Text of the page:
Budgeting for the Easter holidays
Published: April 6, 2021
Categories: Financial wellness, Financial wellness requires proper financial planning, Special events
Tags: Budgeting, Debt stress, Financial distress, Financial education, Financial Literacy, Financial Stress, Financial Tips
The Easter Bunny might deliver chocolate, but he’s not known for leaving extra cash. Balancing your budget is still your job.
April is a big holiday month in South Africa. Not only do we have school holidays, but almost every week has a public holiday or long weekend in it. Having the kids home from school is lovely, but it can also be stressful from a budgeting point of view. They seem to eat so much, and keeping them entertained feels like a full-time job.
Take a deep breath, and let’s look at ways to ease the financial worries.
Start with your budget
Holidays do bring about more expenses, but there are also things you don’t have to pay for. There is, for instance, no transport to and from school. Therefore, when you think about the holidays ahead, you have to start with your budget. Remove the regular expenses that fall away, such as school transport and tuck shop money, and add holiday-specific spending, such as your children having lunch at home instead of at school and some entertainment. Is your budget balancing? If not, it’s time to think creatively.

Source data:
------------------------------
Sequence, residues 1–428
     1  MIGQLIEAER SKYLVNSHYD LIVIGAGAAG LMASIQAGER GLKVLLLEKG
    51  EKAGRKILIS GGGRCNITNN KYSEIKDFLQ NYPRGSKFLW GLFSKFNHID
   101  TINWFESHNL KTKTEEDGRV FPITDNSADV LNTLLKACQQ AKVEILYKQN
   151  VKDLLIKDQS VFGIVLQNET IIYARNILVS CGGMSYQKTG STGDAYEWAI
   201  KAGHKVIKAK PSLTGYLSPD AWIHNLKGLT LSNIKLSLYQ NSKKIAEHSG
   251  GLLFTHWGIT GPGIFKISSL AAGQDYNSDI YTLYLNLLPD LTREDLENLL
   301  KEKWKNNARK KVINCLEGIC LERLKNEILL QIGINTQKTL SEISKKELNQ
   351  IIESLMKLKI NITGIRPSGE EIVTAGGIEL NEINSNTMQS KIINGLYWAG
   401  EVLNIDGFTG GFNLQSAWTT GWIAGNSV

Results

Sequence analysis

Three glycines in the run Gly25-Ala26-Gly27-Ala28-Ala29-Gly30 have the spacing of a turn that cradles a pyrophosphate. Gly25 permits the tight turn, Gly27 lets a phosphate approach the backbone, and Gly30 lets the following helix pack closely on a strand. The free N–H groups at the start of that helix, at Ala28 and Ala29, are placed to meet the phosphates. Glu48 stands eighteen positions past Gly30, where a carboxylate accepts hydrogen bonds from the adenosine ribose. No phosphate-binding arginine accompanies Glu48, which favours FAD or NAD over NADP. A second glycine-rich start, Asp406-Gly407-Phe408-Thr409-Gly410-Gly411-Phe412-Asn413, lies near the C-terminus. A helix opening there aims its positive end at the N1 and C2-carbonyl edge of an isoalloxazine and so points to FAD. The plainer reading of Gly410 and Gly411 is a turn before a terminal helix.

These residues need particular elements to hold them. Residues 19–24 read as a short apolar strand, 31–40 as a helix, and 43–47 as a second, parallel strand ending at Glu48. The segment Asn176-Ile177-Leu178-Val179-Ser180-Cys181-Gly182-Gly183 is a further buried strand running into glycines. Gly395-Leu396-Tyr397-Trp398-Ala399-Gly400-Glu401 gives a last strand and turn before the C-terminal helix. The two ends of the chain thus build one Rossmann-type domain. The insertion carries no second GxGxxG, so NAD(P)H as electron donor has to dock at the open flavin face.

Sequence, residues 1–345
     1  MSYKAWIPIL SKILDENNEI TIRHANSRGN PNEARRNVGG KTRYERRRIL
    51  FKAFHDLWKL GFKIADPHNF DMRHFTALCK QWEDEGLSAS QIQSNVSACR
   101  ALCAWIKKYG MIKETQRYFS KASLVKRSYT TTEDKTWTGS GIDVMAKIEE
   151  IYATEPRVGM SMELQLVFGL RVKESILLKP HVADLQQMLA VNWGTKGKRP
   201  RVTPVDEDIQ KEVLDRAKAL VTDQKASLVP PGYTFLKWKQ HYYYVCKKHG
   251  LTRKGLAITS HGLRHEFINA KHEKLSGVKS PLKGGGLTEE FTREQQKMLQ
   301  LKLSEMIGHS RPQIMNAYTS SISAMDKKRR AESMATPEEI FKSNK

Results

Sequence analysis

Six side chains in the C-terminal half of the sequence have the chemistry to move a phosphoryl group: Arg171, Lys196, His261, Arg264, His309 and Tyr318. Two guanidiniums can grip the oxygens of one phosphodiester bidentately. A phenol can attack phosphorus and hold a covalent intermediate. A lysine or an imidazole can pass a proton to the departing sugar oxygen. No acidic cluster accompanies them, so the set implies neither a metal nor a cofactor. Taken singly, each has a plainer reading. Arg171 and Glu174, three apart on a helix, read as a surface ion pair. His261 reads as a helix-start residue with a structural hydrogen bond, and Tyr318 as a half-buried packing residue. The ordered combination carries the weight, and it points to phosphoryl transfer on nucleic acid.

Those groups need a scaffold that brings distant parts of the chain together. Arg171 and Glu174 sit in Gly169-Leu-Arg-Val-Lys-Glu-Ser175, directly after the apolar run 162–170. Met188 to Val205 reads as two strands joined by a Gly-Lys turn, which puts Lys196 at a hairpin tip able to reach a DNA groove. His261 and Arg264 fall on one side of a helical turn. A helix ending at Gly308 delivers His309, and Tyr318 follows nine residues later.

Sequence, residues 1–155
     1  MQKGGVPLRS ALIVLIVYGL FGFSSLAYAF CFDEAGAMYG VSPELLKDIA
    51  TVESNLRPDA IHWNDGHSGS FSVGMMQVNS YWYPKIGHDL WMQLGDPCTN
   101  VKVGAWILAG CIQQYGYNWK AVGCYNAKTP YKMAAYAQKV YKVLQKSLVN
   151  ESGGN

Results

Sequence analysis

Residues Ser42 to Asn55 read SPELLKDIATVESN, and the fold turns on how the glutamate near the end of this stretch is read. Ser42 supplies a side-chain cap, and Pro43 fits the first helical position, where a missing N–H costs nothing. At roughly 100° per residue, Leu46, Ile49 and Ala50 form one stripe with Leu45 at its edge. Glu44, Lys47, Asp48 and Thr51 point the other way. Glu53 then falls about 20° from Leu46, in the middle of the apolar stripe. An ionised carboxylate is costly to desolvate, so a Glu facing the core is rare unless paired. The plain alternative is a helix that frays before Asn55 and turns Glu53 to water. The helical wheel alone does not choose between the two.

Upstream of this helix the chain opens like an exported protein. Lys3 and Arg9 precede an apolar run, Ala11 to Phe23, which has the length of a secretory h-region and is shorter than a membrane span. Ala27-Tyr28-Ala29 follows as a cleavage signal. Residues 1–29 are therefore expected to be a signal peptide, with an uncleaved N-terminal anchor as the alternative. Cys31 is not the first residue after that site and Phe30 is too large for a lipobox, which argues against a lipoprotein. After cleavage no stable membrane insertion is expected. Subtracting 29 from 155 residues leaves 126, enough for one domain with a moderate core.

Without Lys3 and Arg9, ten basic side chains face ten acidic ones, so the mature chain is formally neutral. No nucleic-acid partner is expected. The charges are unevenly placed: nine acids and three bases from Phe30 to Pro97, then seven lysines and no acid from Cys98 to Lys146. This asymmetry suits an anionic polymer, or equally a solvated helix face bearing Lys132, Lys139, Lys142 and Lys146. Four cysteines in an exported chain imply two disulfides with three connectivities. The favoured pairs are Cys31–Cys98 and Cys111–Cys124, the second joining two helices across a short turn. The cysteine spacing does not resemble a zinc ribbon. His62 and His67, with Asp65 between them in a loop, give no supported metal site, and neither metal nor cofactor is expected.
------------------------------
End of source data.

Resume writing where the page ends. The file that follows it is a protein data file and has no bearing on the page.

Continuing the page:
Planning in the kitchen
Grocery expenses can run away from you very easily, especially if you take the children with you to the shops (they are on holiday, after all). Your best defence is planning. Get your family around the table and find out what everybody would like to eat in the week ahead. Agree with certain suggestions, however, let everyone know that not everything that’s suggested, will end up on the list – you don’t want your food planning session to end up in a food fight! It is a good idea to give your family some guidance, based on what is already in your cupboards and in the fridge and freezer. Always aim to use up what you already have, instead of buying stuff.
Once you have agreed on your meal plan for the week, draw up a shopping list to get the items you will need to make the meals. When you go shopping, only buy what’s on the list. It might sound rather boring, but it will keep your budget safe.
Dealing with snacks
When at home, children tend to pay frequent visits to the kitchen in search of something to munch on. Snacks can, therefore, eat a big hole in your budget. Avoid this, by dealing with snacks like you would with a school lunchbox. Each child gets his or her snack box for the day and can decide when to eat what. The important thing is that when the snack box is empty, it’s empty. You might want to be creative and allow snacks to be swopped out, eg, an apple for a handful of nuts, but agree on this beforehand.
Again, this might sound a bit boring and too rigid for holiday time, but your kids will thank you when they realise they can go on an outing because of how well the budget is being managed. Also, involve them in the planning and packing of their snack boxes, and encourage them to enjoy their snacks in fun environments, such as on a walk in a park.
Fun doesn’t have to be expensive
When doing your meal planning for the week ahead, make entertainment part of it. For example, plan to have a family movie night, or an evening of playing cards or board games, and plan the food you’ll be having around that. How about having dinner by candlelight (even when there’s no load-shedding!) or dressing up for a meal with a theme? There are many ways to make being at home fun – and sneaking in savings without anybody realising.
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